August 14, 2007 - Ludwig Museum - Museum of Contemporary Art - Balthus — Time Suspended
August 14, 2007

Balthus — Time Suspended

Balthus, La Patience, 1943, Öl auf Leinwand, 161.3 x 163.5 cm
Joseph Winterbotham Collection, 1964
Copyright: The Art Institute of Chicago/VG Bild-Kunst Bonn 2007

Balthus
Time Suspended.
Paintings and Drawings 1932 – 1960

Museum Ludwig, Cologne
Bischofsgartenstr. 1
50667 Köln
fon +49-(0) 221-221 24483
fax +49-(0) 221-221 24114
www.museum-ludwig.de

From 18 August to 4 November 2007 Museum Ludwig will be presenting the first-ever solo exhibition of the French painter Balthus (Balthasar Klossowski, 29.02.1908-18.02.2001) in Germany. On show will be around 70 outstanding paintings and drawings from the years 1932 to 1960, on loan from international public and private collections.

Balthus was known throughout his life as something of an oddity and exception who stood apart from his own times. After a childhood in Paris, a series of moves necessitated by the First World War — first to Berlin and then Switzerland, followed by stays in France, North Africa and Italy — all contributed to his outsider status. His exceptional paintings, featuring motifs inspired no less by storybooks, fairy tales and the masters of the Renaissance than by a provocative eroticism, resist categorisation under any of the contemporary art movements.

Balthus created his major works over the years from the 1930s to the 1960s while living in Paris and Chassy. The beginning of this period was marked by the scandal occasioned by his first exhibition in 1934 at Galerie Pierre in Paris. He presented a series of large canvases such as La Rue (The Street), La Leçon de guitare (The Guitar Lesson) or La Fenêtre (The Window), all depicting traditional motifs that are, as such, fairly innocuous. But the pointed eroticism in his paintings caused shock and consternation, just as Balthus had intended.

Over the following decades Balthus portrayed his contemporaries, painted landscapes and streetscapes, and returned time and again to young girls on the threshold of adulthood. Although during this period abstract and surrealist painting was at its zenith, Balthus cast his figurative motifs in a “timeless realism”, as he termed it. The influence of the Italian Quattrocento and French classicism, as well as his adoption of the painting techniques of the old masters, gave him a singular position within the contemporary art scene. And yet his works were greatly admired by his contemporaries, such as Alberto Giacometti, Antonin Artaud, Paul Éluard and Albert Camus.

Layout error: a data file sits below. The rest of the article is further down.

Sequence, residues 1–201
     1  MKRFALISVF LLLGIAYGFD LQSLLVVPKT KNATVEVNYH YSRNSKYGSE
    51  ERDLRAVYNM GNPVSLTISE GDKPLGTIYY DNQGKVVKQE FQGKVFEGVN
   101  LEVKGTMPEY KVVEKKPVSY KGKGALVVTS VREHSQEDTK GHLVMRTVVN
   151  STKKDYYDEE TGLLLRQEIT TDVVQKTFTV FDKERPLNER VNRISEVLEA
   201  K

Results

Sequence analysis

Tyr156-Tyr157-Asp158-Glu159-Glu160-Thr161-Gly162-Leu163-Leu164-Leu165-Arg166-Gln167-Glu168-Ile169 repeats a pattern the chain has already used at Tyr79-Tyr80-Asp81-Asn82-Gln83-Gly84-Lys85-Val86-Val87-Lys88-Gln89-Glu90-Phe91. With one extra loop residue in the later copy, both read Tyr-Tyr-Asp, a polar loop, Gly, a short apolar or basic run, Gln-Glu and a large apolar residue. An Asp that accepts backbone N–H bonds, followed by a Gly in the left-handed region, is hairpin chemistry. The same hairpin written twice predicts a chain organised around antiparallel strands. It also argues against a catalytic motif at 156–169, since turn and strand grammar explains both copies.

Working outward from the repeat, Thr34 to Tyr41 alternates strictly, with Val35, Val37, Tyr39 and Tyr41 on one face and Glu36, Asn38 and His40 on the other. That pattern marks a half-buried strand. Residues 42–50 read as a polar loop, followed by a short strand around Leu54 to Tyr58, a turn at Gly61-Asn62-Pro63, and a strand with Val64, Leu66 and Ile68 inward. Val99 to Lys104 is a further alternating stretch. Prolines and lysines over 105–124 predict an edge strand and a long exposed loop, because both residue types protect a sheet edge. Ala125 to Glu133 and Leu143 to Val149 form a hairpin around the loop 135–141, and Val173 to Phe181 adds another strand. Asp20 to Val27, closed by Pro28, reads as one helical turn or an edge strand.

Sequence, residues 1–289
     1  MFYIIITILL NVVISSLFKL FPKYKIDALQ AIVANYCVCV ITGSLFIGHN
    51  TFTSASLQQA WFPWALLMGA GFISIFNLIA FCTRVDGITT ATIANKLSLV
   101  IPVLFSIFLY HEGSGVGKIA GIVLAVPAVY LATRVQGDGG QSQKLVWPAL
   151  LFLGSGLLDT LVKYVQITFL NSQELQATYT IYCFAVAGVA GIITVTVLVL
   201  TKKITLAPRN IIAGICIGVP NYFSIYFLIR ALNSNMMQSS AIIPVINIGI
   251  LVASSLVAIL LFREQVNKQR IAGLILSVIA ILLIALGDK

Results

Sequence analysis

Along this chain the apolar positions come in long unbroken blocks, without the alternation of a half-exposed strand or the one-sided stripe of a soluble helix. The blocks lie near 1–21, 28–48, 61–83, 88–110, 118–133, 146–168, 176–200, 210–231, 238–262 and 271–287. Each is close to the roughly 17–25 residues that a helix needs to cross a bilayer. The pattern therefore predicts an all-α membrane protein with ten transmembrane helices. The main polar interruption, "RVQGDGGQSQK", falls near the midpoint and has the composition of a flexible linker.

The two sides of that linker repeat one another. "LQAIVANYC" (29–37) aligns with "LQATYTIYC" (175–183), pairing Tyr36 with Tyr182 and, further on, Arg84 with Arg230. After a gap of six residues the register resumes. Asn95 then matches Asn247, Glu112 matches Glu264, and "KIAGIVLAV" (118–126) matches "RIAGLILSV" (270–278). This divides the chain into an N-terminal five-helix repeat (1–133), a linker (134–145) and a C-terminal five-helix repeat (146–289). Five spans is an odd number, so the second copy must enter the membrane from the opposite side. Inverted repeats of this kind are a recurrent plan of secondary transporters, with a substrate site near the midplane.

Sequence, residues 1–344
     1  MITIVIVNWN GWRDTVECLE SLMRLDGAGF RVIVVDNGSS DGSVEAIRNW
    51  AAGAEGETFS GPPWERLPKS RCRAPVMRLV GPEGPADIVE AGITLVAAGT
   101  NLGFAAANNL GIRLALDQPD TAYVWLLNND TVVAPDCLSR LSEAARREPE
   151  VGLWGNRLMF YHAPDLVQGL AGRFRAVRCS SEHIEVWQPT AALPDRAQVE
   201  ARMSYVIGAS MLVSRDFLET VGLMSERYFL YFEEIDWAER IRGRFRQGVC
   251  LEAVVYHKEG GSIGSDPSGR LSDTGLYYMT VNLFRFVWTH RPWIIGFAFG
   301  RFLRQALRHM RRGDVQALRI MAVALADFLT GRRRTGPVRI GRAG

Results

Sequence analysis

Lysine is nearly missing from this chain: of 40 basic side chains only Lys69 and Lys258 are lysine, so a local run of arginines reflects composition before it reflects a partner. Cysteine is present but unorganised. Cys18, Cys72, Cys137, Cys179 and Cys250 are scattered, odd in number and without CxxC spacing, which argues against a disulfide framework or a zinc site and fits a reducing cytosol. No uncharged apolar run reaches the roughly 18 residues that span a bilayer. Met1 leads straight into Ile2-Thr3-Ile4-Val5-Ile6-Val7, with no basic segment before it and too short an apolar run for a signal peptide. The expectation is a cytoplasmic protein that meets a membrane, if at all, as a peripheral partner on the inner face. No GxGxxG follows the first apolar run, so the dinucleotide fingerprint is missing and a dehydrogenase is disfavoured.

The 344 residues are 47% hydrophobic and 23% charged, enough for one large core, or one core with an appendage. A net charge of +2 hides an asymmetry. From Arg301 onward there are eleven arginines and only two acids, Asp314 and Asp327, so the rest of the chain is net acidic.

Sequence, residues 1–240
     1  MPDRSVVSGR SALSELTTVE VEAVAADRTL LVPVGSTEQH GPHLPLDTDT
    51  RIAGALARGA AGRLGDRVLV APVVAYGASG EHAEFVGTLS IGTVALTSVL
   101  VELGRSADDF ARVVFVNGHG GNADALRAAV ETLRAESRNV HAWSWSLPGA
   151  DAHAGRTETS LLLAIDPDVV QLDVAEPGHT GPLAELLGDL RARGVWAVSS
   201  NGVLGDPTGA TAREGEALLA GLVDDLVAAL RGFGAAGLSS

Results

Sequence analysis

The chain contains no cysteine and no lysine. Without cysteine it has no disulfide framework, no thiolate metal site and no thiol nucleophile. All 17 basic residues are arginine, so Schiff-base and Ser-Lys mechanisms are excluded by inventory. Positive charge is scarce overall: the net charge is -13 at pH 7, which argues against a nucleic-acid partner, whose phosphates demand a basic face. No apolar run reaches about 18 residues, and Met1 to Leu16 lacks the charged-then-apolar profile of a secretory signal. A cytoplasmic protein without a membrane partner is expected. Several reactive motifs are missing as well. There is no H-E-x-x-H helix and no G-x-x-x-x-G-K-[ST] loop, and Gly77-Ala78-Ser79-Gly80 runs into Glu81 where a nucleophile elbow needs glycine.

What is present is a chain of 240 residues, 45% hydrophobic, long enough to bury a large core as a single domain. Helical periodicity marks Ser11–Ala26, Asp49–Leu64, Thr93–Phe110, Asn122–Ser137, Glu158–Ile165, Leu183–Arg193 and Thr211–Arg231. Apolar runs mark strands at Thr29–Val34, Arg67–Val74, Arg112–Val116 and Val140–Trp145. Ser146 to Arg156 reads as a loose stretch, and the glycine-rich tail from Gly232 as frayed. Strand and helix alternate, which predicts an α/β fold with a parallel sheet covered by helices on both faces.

Balthus had a number of ties to Germany through his friends and relations. His parents, who originated from Silesia (now in Poland) were German citizens, and at times the poet Rainer-Maria Rilke acted like a godfather to him. Yet despite this closeness to German culture, Balthus works are not to be found in any of the public collections in Germany, nor has he ever had a solo exhibition here.

The exhibition has been organised in collaboration with Dr. Sabine Rewald, a Balthus expert and curator at the Metropolitan Museum of Art, and been made possible by generous loans from international private and public collections, not least the Metropolitan Museum and the Museum of Modern Art in New York, the Art Institute in Chicago, and the Musée national d’art moderne in Paris.
The exhibition will be accompanied by the book Balthus — Time Suspended. Paintings and Drawings 1932 — 1960 by Sabine Rewald, with a text by Virginie Monnier, published by Museum Ludwig and Schirmer/Mosel, Munich, 2007.

Museum Ludwig

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